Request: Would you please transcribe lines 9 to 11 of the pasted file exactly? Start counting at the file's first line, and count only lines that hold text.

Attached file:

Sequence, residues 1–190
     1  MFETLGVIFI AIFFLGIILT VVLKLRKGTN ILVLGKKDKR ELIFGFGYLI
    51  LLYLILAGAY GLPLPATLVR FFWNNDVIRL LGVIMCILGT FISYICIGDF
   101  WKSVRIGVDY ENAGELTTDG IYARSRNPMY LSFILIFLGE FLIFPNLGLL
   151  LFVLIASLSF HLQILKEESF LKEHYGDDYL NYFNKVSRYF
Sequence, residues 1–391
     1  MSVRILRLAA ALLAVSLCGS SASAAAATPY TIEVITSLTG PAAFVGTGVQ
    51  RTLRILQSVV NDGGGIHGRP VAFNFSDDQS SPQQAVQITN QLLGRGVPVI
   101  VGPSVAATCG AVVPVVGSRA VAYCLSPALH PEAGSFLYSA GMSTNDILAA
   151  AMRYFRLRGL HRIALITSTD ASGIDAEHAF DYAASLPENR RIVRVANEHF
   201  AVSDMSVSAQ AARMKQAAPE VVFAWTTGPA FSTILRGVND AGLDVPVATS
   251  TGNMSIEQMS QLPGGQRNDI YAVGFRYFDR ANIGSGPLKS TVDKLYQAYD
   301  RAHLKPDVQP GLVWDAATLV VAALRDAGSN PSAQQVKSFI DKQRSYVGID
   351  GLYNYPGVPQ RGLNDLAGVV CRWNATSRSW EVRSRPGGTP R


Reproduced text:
   101  VGPSVAATCG AVVPVVGSRA VAYCLSPALH PEAGSFLYSA GMSTNDILAA
   151  AMRYFRLRGL HRIALITSTD ASGIDAEHAF DYAASLPENR RIVRVANEHF
   201  AVSDMSVSAQ AARMKQAAPE VVFAWTTGPA FSTILRGVND AGLDVPVATS